The Curse of Oak Island: The Story of the World’s Longest Treasure Hunt is Randall Sullivan’s 400-page ode to the everlasting mysteries after which the Lagina Brothers have lusted for years. Sullivan, a journalist and true crime writer, explains the island’s history (and a great many of the theories surrounding it) in such meticulous detail that at several points you can’t help but expect him to untangle the Gordian Knot at the center of both the island and the show itself.
But did the Curse of Oak Island get solved? Or is this just another one of its countless digressions? The answer, it may distress (or delight!) you to know, is: Yes.
Curse of Oak Island is one of reality TV’s greatest ink blot tests
As we’ve written before, Curse of Oak Island is more or less permanently renewed. It’s one of the most popular shows on all of cable TV, one of just a handful not about sports or politics that can challenge for the ratings crown. It’s gotten more popular every year it’s been on the air; Season 6 is the biggest in the show’s history, and there’s no reason to believe that Season 7 won’t top it.
Part of its popularity is because treasure hunts are cool. And part is due to the show’s producers’ expert teasing of the next big find, the meaningful clue, the possibility that one chance artifact will explain everything and reveal the long-lost fortune.
For example, here’s the teaser for “Homecoming,” tonight’s episode, which is fundamentally the same trailer Oak Island has been putting out for years:
But these familiar beats aren’t a design flaw — they’re 100% deliberate. Curse of Oak Island is, above all, a treasure hunt. Rick and Marty Lagina may be genuinely interested in one day finding something they can call treasure (Marty, who bankrolls the brothers’ endeavors, is probably the more interested of the two). The chase, not the catch, is the reward. If you agree with that, you’re likely a fan of the show; disagree, and you’re probably not.
So did the Curse of Oak Island get solved or not?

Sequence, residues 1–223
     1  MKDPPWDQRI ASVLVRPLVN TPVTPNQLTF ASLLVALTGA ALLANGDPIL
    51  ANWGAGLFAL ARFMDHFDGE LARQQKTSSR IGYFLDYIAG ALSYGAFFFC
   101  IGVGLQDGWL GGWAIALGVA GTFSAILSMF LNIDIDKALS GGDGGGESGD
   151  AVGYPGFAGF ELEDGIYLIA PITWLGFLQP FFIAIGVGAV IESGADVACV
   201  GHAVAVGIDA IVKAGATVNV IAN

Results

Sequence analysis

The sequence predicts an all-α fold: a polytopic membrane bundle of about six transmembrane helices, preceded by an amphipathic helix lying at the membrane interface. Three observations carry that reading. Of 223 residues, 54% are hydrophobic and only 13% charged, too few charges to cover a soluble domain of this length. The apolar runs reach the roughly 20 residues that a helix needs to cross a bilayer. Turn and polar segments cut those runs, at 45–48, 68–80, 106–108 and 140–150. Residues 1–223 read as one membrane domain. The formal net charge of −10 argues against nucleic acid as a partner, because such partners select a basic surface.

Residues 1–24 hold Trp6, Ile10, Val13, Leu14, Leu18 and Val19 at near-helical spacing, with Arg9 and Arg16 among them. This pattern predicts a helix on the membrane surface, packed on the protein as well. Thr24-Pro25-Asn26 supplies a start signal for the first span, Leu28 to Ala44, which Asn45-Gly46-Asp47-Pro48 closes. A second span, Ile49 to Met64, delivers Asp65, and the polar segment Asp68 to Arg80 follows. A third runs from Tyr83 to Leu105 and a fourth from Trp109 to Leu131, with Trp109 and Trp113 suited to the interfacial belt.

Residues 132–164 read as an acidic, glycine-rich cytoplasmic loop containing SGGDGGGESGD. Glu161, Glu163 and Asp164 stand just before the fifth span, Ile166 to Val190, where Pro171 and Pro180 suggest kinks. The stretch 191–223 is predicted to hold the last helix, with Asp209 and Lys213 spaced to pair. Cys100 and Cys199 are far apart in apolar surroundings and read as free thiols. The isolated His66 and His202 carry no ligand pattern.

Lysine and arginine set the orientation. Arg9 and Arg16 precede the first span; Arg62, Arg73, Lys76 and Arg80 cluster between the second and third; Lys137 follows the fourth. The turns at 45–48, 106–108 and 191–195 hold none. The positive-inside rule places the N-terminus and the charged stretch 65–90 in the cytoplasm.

Enter Sullivan, who first dived into Oak Island lore with a well-received Rolling Stone feature back in 2004. As he explains in the book, Oak Island “haunted [his] imagination like no other place” he’d been, and the article left him determined to “tell the island’s story in a more comprehensive and entertaining way than any who had gone before.”
This was, of course, well before History’s cameras had begun rolling. But Sullivan isn’t writing about Oak Island the TV show; his subject is Oak Island the place, largely as seen and imagined by the show’s viewers. So, if you’ve ever been more entranced by the show’s long trips into history and theoretical island encounters across history, Sullivan’s book probably needs to be on your Christmas list. Everything Curse of Oak Island has covered, from Frederick Blair to the Knights Templar to the famous 20th century treasure hunter Edward Rowe Snow to the alleged 16th century involvement of the Spanish government to Francis Bacon and alchemy and beyond — and there is no shortage of beyond — gets a thorough consideration here.
Sullivan’s book does presume that you’re either a fan of the show or have some basic understanding of Oak Island’s history. What he’s attempted to do is organize the history rather differently than the show has — to tell Oak Island’s story independently of Curse of Oak Island, and offer different emphases than the show as he does so.
Of course, the above group (and please keep in mind that that list is nowhere near complete; listing every figure, entity, and theory Sullivan traces out would take an article almost as long as his book) now includes Rick and Marty Lagina, as well as Curse of Oak Island‘s production. Sullivan is acutely aware of the show’s role in the island’s story and its influence on the island’s history. Near the very end of the book, Sullivan frets over that influence:
Now that the treasure hunt and the television show had become not just intertwined, or even symbiotic, but had merged to the point of being completely indistinguishable, what would happen when the show ended? When the show was canceled, might the treasure hunt be as well?
Oak Island‘s cancelation-proof ratings aside, it’s this worry that again reveals and reinforces the show’s (and the island’s) primary allure: the mystery itself. Did Curse of Oak Island get solved? Of course not — in fact, solving the island’s mystery is the only thing that would guarantee the show’s cancelation. Treasure is immediate; it’s the hunt that endures.
Sullivan knows this. So, for their part, do Rick and Marty. Rick tells Sullivan as much in an exchange regarding one of Oak Island’s primary theorists — someone who believes that her interpretation of events is the only correct one. “For people like you and me,” Rick says, “it’s impossible to rule anything out, until we know we have the answer. And the only way to get that is to bring up whatever’s down there.”
The Curse of Oak Island: The Story of the World’s Longest Treasure Hunt is available for purchase here. Curse of Oak Island airs Tuesdays at 9 PM on History for the foreseeable future and beyond.
(Photo credit: Did the Curse of Oak Island get solved via Grove Atlantic)
John Sharp is a Starcasm’s chief editorial correspondent-at-large. Tips: E-mail at firstname.lastname@example.org or Twitter at @john_starcasm.